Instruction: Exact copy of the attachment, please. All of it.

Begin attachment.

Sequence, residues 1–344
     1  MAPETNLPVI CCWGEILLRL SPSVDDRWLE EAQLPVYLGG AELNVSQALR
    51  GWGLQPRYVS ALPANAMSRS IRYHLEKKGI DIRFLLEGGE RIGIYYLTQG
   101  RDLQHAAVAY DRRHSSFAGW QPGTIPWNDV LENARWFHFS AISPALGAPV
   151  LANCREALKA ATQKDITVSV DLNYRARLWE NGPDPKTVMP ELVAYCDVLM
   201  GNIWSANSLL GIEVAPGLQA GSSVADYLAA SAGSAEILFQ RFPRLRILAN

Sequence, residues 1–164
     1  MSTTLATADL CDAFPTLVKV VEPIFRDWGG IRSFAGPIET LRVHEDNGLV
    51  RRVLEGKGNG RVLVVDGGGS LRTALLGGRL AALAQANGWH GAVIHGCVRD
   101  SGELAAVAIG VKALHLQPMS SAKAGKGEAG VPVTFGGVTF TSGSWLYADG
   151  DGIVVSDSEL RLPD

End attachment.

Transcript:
Sequence, residues 1–344
     1  MAPETNLPVI CCWGEILLRL SPSVDDRWLE EAQLPVYLGG AELNVSQALR
    51  GWGLQPRYVS ALPANAMSRS IRYHLEKKGI DIRFLLEGGE RIGIYYLTQG
   101  RDLQHAAVAY DRRHSSFAGW QPGTIPWNDV LENARWFHFS AISPALGAPV
   151  LANCREALKA ATQKDITVSV DLNYRARLWE NGPDPKTVMP ELVAYCDVLM
   201  GNIWSANSLL GIEVAPGLQA GSSVADYLAA SAGSAEILFQ RFPRLRILAN

Sequence, residues 1–164
     1  MSTTLATADL CDAFPTLVKV VEPIFRDWGG IRSFAGPIET LRVHEDNGLV
    51  RRVLEGKGNG RVLVVDGGGS LRTALLGGRL AALAQANGWH GAVIHGCVRD
   101  SGELAAVAIG VKALHLQPMS SAKAGKGEAG VPVTFGGVTF TSGSWLYADG
   151  DGIVVSDSEL RLPD